Iran 2010
Malaysia, Mongolia 2011
Mexico, Serbia, United Arab Emirates 2012
Singapore 2013
Australia, Bermuda, Ghana, India 2014
Indian Ocean States 2015
Belgium-Wallonia, Estonia, Montenegro, Switzerland, Tanzania, Thailand, Ukraine, US Virgin Islands 2016
Comoros, Madagascar, Mauritius, South Korea, Zanzibar 2017


Eco-Schools in South Africa

The International Eco-Schools Programme takes a holistic, participatory approach to learning for sustainability. The aim of the programme is to engage students through classroom study, school and community action to raise awareness of sustainable development issues.[5][6] It encourages students and teachers to conduct research on the amount of waste, energy or water use at their school and work towards making it a more sustainable environment.[7] Eco-Schools provides an integrated system for the environmental management of schools and involve all stakeholders in this process.[8]

The whole schools approach embedded in the Eco-Schools programme emphasizes the importance of an ongoing focus on the issues linked to environmental, climate, and sustainability issues.[9]

The programme's methodology consists of Seven Steps[10][11] that the school needs to adopt:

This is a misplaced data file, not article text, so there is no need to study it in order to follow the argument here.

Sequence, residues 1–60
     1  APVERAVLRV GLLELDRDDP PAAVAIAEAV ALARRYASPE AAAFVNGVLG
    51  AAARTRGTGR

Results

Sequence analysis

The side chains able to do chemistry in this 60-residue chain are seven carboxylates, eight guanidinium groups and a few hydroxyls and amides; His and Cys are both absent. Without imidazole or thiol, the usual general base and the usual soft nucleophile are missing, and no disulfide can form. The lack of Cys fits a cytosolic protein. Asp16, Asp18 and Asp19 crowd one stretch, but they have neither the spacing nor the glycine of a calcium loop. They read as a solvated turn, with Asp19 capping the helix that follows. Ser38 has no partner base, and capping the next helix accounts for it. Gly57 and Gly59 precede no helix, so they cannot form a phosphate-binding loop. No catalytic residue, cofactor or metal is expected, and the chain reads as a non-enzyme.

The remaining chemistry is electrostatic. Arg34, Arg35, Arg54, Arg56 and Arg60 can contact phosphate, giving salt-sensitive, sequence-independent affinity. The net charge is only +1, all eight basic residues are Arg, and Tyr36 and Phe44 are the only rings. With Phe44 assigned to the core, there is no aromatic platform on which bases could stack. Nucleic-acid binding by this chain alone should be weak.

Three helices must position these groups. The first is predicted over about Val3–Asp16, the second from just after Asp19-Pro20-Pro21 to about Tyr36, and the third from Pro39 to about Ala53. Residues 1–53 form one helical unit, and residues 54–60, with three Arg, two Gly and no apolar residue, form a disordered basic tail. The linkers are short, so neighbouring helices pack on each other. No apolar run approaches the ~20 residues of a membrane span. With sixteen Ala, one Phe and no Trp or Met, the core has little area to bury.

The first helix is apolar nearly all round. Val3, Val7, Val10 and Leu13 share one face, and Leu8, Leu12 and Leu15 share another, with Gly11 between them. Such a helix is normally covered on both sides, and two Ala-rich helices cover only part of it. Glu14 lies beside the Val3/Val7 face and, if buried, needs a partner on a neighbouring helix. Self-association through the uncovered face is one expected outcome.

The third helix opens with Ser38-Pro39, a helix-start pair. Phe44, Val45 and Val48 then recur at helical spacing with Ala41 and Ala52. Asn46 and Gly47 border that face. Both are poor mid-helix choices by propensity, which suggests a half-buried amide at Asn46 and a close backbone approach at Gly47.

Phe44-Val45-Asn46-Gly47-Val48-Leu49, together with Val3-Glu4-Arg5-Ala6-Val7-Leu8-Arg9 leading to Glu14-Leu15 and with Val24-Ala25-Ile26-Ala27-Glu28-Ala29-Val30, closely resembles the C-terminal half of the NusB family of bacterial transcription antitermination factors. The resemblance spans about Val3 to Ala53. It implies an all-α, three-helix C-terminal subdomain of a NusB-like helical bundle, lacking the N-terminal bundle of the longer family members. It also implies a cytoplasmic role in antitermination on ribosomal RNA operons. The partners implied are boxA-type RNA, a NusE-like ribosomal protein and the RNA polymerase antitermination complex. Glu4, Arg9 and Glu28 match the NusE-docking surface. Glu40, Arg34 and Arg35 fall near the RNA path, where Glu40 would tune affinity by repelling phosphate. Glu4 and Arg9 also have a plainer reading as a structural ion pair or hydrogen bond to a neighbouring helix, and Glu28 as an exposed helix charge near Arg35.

Step 1 Establishment of the Eco-Schools Committee
Step 2 Environmental review
Step 3 Action Plan
Step 4 Monitoring and Evaluation
Step 5 Curriculum Linking
Step 6 Informing and involving the wider community
Step 7 Eco Code

Schools are encouraged to work on eleven Themes,[12] which are as follows: Biodiversity & Nature, Climate Change, Energy, Global Citizenship, Health & Wellbeing, Litter, Marine and Coast, School Grounds, Transport, Waste, and Water.

Participation and awardsEdit

Any school may participate in the scheme by registering with the FEE member organisation in their country. Once registered, each school must review and improve their impact on the environment, and in recognition of their commitment and progress, they can then apply for an award.

Successful Eco-Schools are awarded the International Green Flag, an internationally acknowledged symbol for environmental excellence. In some countries, this recognition happens through a three level system, where schools are awarded either bronze and silver awards before receiving the International Green Flag.

There is flexibility to the ceremony and awarding process but the criteria for assessing schools for the award must follow the guidelines of FEE's International Eco-Schools programme.


To qualify for an award the school must follow the following programme: